1Q84 by Haruki Murakami


Without a solid evidence for the following statement, I have concluded that Haruki Murakami is so far the most read contemporary author for the 21st century.

Although he was excelled by the worldly unknown Chinese author Mo Yan for this years Noble Prize in Literature, Murakami’s works have been translated into numerous languages and he has gained popularity among readers of all ages.

I still can not determine myself as Murakami’s fan, but certainly 1Q84 has  settled an imprint somewhere in the abyss of my soul.  I refer this to my continuous curiosity about the socially reclusive people in our society.

Ever since I was in elementary school I have made number of unsuccessful attempts to understand their worlds and I have learnt that it is close to impossible to break their shields and glimpse at their sacred universe.

I still remember this girl with low grades and shaggy hair, who would not speak to anyone, not even a teacher, and shortly after she joined our class became an object of bullying. Girls had no sympathy or interest in her and boys were merciless, sticking chewing gum on her hair, looting her belongings, mocking and provoking her to talk or cry. But she never did. She was expressionless and as confident in her class status as the moon in the sky. Two years later she moved to another school and from the bottom of my heart I hope she found better classmates there. I often wonder what happened to her and did she ever got away with all the cruelty she experienced in elementary school. Did she overcome the isolation and what was the reason for it.

That’s why I became so fond of 1Q84. Not only the two main characters, Aomame and Tengo share similar fate as my elementary school class mate, but the rest of the characters are also ‘lone wolves’ in their own way.

I admire Murakami’s love and inclination to write about the socially handicapped people, whose introvert lifestyle often throws them in the shade and conceals their existence. His meticulous depictions of their personalities illuminates the dark abyss of a whole unknown entity.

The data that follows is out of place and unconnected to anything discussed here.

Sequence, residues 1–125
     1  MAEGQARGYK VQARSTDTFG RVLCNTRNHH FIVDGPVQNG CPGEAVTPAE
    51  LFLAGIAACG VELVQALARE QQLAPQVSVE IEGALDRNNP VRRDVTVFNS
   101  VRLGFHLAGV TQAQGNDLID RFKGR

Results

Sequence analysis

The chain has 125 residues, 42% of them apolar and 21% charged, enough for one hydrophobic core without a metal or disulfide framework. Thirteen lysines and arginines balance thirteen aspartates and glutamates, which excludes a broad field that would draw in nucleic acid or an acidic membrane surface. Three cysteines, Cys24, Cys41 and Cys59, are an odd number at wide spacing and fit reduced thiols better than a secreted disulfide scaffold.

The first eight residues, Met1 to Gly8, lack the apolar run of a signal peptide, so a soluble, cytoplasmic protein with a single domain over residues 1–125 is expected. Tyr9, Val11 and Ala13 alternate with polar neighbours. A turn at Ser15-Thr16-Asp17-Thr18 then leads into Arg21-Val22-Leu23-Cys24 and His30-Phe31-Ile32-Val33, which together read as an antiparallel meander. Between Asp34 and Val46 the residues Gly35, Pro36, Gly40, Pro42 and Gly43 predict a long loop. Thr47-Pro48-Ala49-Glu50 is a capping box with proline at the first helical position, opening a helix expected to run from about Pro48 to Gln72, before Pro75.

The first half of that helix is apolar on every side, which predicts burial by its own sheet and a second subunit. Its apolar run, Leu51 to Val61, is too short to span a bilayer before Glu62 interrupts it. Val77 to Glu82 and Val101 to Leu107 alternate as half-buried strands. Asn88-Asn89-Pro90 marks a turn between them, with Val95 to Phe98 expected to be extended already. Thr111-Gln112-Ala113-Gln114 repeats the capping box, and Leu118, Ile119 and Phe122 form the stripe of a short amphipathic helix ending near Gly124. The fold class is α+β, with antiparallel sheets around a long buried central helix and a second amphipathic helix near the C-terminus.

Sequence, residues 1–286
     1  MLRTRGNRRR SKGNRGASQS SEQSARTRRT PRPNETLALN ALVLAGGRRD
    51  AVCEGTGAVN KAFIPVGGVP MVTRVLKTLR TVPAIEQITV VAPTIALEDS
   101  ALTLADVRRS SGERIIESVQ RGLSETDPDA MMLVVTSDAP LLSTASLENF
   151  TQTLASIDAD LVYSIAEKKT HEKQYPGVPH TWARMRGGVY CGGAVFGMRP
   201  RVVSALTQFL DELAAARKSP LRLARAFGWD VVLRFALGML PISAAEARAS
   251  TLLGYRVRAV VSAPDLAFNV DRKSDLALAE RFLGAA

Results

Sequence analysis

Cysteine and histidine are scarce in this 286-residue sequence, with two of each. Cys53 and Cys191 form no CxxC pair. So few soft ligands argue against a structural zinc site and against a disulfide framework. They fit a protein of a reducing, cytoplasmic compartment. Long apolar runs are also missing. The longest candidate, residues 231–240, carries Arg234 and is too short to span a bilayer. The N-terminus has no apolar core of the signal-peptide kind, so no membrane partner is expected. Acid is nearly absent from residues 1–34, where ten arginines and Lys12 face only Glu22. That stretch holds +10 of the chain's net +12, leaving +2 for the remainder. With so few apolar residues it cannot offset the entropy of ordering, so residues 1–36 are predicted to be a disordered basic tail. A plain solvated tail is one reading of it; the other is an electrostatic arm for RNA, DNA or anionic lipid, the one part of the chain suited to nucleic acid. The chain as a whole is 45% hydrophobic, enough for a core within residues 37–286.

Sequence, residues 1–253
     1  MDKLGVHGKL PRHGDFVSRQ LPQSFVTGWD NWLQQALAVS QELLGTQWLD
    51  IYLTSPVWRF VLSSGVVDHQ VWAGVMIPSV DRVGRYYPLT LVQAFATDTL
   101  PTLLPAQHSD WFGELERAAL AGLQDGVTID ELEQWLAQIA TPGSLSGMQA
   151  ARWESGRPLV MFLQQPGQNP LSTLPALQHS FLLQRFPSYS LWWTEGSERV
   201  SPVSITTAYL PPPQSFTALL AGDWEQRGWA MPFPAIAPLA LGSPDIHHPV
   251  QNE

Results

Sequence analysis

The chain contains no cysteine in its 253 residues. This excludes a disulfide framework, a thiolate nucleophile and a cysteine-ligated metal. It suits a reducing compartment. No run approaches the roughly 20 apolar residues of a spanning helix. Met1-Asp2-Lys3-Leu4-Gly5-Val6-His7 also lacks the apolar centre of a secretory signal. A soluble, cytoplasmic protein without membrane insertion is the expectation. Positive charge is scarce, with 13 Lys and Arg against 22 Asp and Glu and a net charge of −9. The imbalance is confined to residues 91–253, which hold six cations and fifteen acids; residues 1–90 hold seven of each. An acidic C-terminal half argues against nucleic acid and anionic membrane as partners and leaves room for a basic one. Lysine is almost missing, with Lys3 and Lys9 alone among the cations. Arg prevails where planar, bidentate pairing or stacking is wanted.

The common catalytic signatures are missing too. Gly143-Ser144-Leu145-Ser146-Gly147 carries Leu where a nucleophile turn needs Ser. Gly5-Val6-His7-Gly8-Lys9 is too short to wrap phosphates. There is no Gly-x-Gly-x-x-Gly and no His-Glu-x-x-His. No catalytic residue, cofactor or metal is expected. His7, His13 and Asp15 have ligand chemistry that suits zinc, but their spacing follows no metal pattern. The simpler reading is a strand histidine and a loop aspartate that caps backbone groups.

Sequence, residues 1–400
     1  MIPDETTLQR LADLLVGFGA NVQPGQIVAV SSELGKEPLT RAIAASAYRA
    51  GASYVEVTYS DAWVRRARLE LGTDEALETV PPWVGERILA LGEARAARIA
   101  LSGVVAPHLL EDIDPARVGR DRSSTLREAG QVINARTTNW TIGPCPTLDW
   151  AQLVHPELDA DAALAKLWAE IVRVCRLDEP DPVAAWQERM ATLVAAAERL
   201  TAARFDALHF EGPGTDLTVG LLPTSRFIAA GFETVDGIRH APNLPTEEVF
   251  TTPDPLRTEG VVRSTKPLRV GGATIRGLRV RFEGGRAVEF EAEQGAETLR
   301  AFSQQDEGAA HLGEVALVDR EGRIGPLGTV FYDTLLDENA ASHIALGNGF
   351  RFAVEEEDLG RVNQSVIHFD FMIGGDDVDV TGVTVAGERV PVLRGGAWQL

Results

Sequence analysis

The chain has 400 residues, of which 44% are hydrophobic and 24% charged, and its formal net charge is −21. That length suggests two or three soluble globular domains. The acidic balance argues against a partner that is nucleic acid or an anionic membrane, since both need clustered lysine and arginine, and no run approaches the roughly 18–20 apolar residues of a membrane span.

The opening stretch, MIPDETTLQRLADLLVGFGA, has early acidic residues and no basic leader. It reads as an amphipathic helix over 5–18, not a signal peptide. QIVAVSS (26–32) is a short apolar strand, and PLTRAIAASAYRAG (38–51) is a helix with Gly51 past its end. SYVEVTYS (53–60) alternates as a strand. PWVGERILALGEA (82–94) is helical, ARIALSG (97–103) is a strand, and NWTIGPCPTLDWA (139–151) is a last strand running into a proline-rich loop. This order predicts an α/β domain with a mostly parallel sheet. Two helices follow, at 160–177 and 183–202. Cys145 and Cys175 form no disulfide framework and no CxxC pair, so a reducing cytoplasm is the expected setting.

1Q84 starts with the parallel stories of Aomame and Tengo, who both imperceptibly enter another altered reality where bizarre range of events occur, devoid of any logical explanation. For Aomame this is the murky year of 1Q84 with too moons, Little People, Air Chrysalises and for Tengo this is the cat town which he has to leave “before the exit is blocked”. The entire time they are traveling to each other, following different paths, because this is the reality they are meant to meet in. The obstacles, the two of them are facing, turn the novel into a fast-paced mystical thriller that wont let you put it down.

At least that was the effect on me. I was sunken in the story and praised all the secret forces that made me come across this book (for some silly reason I am frightened of high-volume books, even though I have never been disappointed, yet I can not overcome the fear). However, there is one tedious moment between book II and book III that I had a hard time getting through, but besides that 1Q84 is a wonderful piece of literature.


7 thoughts on “1Q84 by Haruki Murakami

Leave a Reply

Fill in your details below or click an icon to log in:

WordPress.com Logo

You are commenting using your WordPress.com account. Log Out /  Change )

Google+ photo

You are commenting using your Google+ account. Log Out /  Change )

Twitter picture

You are commenting using your Twitter account. Log Out /  Change )

Facebook photo

You are commenting using your Facebook account. Log Out /  Change )


Connecting to %s

Blog at WordPress.com.

%d bloggers like this: